30 Six Elements of Communication ▪ Source – The person who is communicating or originating the message ▪ Encoding – Verbal communication – Nonverbal communication

31 Nonverbal Communication

32 Six Elements of Communication ENCODE MESSAGE SOURCE

33 Six Elements of Communication ▪ Message – What needs to be communicated – Words matter, choose them wisely – Repeat important points/concepts three times – Organize your thoughts logically – Be direct

34 Six Elements of Communication ENCODE MESSAGE MEDIUM SOURCE

35 Six Elements of Communication ▪ Medium – The means of communication – Examples include ▪ Written communication ▪ Spoken/oral presentation ▪ Drawings or visual illustration ▪ Text message ▪ E-mail message ▪ Social media ▪ Interactive demonstration – Consider your receiver’s needs – Choose the most appropriate channel


37 Six Elements of Communication ▪ Receiver – The person who is receiving the message ▪ Decoding – Reading the message and decoding it for meaning and understanding


39 Six Elements of Communication ▪ Noise – Interference from receiving the message – Distractions – Emotions – Affects the effectiveness of communication – Can be controlled (sometimes)


41 Six Elements of Communication ▪ Feedback – Response to sender’s message – May be positive or negative – Can be verbal or nonverbal – Helps sender understand how message is perceived

42 Communicating Your College & Career Goals

43 ▪ There are many ways you will communicate about your goals – College applications – College admission and scholarship essays – Admission and scholarship interviews – College and job fair interactions with recruiters – Interacting with mentors and professionals – Art portfolio or music audition for art and music majors ▪ Apply the Six Elements of Communication to communicate effectively

44 College and scholarship essay tips 1)Answer the question 2)Be original 3)Be yourself 4)Don’t “thesaurize” your essay 5)Use imagery and clear, vivid prose 6)Spend the most time on your introduction Source: MBA 360 (

45 College and scholarship essay tips 7)Body paragraphs must relate to introduction 8)Use transitions 9)Conclusions are critical 10)Do something else 11)Give your draft to others 12)Revise, revise, revise Source: MBA 360 (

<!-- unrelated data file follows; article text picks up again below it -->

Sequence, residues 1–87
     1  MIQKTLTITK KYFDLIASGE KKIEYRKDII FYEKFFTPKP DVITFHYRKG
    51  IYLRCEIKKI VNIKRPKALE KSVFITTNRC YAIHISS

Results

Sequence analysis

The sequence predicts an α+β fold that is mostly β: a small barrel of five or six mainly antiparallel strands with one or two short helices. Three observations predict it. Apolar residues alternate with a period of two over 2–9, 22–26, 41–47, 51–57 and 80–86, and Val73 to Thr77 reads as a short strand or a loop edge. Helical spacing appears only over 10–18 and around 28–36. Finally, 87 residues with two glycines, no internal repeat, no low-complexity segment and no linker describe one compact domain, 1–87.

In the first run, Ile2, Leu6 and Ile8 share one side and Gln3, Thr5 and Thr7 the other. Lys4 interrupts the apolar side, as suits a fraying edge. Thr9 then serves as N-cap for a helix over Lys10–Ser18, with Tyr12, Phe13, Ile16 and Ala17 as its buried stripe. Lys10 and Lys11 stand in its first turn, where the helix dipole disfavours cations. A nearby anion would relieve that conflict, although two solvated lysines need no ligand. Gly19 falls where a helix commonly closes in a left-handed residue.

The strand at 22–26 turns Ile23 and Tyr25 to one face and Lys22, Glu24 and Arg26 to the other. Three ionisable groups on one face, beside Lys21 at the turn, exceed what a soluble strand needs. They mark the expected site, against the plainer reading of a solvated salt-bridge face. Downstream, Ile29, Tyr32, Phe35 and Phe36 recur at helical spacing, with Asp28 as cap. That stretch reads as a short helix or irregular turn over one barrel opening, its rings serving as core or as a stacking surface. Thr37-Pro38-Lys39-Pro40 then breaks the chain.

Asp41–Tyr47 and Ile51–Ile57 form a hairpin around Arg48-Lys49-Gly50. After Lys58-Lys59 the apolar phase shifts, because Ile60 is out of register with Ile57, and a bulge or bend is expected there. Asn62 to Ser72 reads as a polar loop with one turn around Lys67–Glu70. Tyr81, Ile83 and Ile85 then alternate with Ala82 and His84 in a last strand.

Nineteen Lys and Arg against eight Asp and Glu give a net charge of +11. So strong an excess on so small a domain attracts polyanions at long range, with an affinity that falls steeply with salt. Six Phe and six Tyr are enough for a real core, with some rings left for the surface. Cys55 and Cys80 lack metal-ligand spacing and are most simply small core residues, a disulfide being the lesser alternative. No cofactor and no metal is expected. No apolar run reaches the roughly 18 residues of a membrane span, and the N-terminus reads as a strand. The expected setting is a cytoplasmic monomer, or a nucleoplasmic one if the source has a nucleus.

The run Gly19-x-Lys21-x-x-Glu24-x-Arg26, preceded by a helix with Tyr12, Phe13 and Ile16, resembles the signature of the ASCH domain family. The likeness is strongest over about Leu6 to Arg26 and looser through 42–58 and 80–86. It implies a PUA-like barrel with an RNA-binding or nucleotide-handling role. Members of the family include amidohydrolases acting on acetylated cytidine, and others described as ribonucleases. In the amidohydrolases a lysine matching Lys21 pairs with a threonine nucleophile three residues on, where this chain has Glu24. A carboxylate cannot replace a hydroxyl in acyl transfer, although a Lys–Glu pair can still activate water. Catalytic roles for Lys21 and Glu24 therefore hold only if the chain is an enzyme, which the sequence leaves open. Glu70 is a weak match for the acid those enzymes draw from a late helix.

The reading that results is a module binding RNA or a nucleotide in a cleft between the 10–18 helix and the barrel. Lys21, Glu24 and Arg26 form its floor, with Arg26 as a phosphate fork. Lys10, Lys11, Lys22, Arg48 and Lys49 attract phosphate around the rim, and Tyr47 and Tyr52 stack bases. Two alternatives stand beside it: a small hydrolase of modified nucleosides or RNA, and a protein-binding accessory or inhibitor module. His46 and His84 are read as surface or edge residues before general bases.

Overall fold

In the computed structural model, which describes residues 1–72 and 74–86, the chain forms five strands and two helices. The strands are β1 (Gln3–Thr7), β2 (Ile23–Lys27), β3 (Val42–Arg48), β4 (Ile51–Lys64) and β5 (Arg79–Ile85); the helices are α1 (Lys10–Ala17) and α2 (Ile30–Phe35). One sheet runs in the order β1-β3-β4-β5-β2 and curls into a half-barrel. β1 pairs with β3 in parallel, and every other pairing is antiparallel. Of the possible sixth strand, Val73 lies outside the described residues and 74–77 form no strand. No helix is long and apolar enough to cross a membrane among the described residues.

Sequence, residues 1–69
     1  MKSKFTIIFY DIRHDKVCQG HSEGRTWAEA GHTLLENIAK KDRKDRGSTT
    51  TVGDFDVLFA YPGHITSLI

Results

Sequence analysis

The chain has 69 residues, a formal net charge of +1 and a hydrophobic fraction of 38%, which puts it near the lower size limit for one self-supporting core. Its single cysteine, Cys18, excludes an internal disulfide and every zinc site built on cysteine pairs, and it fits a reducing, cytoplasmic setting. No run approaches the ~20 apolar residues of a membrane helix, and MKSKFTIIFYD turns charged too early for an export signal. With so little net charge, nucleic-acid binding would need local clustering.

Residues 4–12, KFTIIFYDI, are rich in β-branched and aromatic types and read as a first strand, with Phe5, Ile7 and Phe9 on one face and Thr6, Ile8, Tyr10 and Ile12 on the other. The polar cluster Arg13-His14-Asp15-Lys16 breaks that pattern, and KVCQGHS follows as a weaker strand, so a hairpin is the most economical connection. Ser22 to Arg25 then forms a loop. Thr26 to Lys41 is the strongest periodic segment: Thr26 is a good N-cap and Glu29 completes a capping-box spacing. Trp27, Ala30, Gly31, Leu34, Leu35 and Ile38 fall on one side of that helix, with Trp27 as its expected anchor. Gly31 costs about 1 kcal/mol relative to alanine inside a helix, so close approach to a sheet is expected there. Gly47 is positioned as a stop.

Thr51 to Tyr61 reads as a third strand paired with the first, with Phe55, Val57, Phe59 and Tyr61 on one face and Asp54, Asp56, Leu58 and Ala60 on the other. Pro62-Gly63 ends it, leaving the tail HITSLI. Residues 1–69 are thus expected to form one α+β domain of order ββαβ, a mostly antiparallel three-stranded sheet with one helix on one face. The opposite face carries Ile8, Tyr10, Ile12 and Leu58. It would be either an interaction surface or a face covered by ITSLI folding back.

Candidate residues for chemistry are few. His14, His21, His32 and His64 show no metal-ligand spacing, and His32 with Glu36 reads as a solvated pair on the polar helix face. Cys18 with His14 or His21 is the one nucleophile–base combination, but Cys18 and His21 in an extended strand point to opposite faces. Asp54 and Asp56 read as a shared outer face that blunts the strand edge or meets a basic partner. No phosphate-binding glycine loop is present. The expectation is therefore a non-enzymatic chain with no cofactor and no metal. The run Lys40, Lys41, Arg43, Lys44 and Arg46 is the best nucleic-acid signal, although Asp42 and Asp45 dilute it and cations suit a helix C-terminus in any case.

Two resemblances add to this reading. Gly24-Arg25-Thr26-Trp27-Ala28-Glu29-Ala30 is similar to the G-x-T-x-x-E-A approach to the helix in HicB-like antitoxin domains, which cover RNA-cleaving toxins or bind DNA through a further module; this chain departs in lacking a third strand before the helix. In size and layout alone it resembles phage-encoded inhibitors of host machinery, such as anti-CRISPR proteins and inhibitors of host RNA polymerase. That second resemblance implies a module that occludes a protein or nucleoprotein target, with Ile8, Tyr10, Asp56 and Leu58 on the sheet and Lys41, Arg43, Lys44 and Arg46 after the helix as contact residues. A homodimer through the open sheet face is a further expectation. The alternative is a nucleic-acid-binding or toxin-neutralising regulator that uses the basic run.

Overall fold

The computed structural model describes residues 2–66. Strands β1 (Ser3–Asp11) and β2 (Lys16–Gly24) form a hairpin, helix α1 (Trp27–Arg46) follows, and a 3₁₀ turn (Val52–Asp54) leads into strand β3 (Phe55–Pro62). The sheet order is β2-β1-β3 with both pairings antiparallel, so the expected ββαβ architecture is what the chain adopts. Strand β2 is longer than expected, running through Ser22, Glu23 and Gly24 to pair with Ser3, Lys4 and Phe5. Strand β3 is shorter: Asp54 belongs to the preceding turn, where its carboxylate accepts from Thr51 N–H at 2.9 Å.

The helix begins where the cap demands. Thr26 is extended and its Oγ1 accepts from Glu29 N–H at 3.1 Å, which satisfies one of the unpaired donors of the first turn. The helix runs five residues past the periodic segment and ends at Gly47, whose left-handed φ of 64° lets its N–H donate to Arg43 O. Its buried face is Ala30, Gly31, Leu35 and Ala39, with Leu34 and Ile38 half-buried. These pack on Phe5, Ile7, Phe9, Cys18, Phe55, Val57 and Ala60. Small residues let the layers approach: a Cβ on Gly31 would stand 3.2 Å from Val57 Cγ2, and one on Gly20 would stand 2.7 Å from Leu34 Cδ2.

46 College and scholarship essay tips ▪ Follow the formatting and word limit instructions ▪ Submit the essay by the published deadline ▪ Ensure you submit the essay in the appropriate file format

47 Activity: College/Career Elevator Speech

48 Elevator speeches ▪ A quick speech or pitch to sell and idea, promote your business, or market yourself as an individual ▪ Usually takes only about 30 seconds but can be slightly longer ▪ For this activity, use the handout to prepare a 30-45 second elevator speech about your college and career goals ▪ Partner up with someone else and take turns practicing your elevator speech

49 Elevator speeches CONGRATULATIONS on completing your elevator speeches! Use today’s activity as a starting point for a college or scholarship essay. Find help editing and preparing your essay from your teachers, counselor, or mentors.

50 Summary ▪ Effective communication involves – Developing a clear message – Consideration of nonverbal cues – Choosing the most appropriate channel for delivery the message – Adjusting for noise – Looking for feedback ▪ College essays must be compelling and well thought out ▪ Take time to develop a creative introduction and relevant body paragraphs ▪ It is important to follow directions and submit the application on time

51 Questions, Comments Thank you for attending!

52 Reminders

53 Submit your proposal for Noche and SHPE Jr. Chapters before December 15, 2014 Submit membership forms, participation agreement before December 31, 2014 SHPE Foundation Scholarships open January 1, 2015